By Bill Woods
Ohio's Redistricting saga continues. Since the recent StreetVibes review of this process, the following actions have occurred. The Ohio Supreme Court rejected the Congressional district maps that were drawn and approved by the Republican majority in the Ohio General Assembly. The Court found that these maps failed to meet the guidelines of the Ohio Constitutional Amendment passed by the voters in 2018, and ruled that they must be redrawn.
Next, revised State Senate and House maps were resubmitted to that same Court by the Ohio Redistricting Commission to replace the new districts that were rejected earlier by that body for violating the reform Constitutional Amendment passed in 2015. Although slightly less gerrymandered than the earlier submissions, this map redo has again been called unacceptable by the reform groups that initially challenged them before Ohio's highest Court. These maps will now be reviewed by the Court.
At the Community Issues Forum on February 27th, Catherine Turcer, Executive Director of Common Cause Ohio, provided an update on both the state map redo and the the status of the Congressional map redrawing process currently underway. Not only did Turcer provide an insider's view of this ongoing saga, but she outlined what concerned citizen could do during this process.
The Ohio Supreme Court's decision on the Congressional maps was rendered on January 13th. By a four to three decision, the. Court found the maps approved by the Republican majority in the Ohio General Assembly basically ignored the redistricting process mandated by the 2018 Constitutional Amendment. Instead of creating Congressional Districts that did not favor one political party, the Republican majority approved maps that were as gerrymandered as the ones drawn in 2011. Furthermore, the map makers ignored the Amendment's wording that calls for compact districts that keep communities and counties intact as much as possible.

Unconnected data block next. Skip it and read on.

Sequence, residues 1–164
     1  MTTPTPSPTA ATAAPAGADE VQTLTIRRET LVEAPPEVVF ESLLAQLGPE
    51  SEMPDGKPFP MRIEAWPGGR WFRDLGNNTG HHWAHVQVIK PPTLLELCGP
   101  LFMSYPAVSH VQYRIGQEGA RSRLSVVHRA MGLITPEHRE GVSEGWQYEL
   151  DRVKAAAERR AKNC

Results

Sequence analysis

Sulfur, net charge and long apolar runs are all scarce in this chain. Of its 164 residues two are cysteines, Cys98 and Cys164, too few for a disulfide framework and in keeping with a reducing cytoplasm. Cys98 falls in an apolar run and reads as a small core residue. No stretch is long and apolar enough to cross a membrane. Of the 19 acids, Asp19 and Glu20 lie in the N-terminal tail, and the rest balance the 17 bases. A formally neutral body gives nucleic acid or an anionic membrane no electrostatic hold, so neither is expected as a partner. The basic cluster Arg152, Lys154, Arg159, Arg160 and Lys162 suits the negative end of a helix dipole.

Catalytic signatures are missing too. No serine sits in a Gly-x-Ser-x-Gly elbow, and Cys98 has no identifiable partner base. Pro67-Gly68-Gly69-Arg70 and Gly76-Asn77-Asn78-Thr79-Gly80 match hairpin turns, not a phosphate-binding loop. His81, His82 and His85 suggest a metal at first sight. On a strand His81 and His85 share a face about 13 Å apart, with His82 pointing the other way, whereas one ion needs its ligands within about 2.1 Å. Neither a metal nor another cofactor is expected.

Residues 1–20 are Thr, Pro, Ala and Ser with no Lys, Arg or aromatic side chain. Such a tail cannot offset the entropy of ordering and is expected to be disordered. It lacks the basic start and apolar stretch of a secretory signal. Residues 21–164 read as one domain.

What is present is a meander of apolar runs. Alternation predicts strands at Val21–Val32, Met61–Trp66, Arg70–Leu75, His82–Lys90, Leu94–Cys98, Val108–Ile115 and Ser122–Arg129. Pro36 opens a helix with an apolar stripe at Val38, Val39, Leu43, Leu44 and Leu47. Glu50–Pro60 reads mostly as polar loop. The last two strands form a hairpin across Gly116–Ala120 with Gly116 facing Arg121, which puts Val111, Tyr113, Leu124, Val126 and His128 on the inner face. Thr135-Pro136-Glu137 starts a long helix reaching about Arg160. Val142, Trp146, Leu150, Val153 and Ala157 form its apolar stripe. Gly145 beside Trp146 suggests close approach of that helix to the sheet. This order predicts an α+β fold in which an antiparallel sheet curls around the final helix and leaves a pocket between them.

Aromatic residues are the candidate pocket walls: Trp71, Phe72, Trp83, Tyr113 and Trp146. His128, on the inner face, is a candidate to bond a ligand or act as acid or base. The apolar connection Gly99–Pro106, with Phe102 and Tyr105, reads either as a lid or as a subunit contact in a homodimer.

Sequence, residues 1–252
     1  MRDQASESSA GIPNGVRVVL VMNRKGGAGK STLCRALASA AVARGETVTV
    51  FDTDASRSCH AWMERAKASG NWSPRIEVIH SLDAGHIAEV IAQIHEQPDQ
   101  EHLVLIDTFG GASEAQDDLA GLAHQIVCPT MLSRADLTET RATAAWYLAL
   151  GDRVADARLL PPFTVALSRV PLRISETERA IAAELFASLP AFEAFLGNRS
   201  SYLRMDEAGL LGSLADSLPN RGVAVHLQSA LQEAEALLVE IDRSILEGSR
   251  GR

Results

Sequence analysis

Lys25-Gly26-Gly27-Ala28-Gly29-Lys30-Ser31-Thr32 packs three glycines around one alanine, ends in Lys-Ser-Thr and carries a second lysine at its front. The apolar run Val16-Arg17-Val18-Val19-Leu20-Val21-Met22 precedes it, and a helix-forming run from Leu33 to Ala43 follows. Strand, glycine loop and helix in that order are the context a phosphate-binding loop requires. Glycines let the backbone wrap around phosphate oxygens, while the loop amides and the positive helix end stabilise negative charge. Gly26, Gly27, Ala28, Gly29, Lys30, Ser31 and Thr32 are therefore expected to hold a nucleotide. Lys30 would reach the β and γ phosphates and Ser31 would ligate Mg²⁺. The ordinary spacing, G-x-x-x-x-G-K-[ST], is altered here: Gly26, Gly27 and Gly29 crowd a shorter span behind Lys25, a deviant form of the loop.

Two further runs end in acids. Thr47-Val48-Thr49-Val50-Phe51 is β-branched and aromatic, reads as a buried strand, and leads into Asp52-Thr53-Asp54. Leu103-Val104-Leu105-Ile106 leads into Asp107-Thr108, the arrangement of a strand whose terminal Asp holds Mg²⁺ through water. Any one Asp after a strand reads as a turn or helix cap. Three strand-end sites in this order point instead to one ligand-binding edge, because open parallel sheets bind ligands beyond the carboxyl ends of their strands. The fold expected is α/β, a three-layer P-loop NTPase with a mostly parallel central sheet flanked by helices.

Hamilton County is the poster child of how masters of gerrymandering work their partisan magic. Cincinnati has been home to a Democratic majority for a number of years, and Hamilton County has become more Democratic as well. In 2011, the Republican-controlled process divided Cincinnati into two districts with enough outer suburban and rural areas included in them to keep them safely in GOP-control.
In this round, the map makers went even further. Totally ignoring the language of "compactness" called for by the Amendment, the map drawers split Cincinnati and Hamilton County into three districts attached to outer rural and suburban areas. This new rendering would have created three Republican Congressional seats.
Needless to say, reformers who challenged these new maps used Cincinnati and Hamilton County's situation as good evidence when they argued their case before the Ohio Supreme Court. The Court's January 13th decision included a ruling that the General Assembly must go back to the drawing board and produce Congressional District maps that follow the strictures of the 2018 Constitutional Amendment. Legislators have a thirty-day time frame to produce these geographic political units.
At the Community Issues Forum, Catherine Turcer called on all concerned citizens to write or call their State Senators and House members to tell them to be faithful to the 2018 Amendment in order to produce Congressional maps that are not politically gerrymandered. Meanwhile, reform groups such as the League of Women Voters and Turcer's organization (Common Cause) await the Ohio Supreme Court's reaction to the second round of Ohio Senate and House maps that were submitted for that Court's review. If the Court again rejects these maps as unconstitutional, then reformers can gear up yet again. Stay tuned!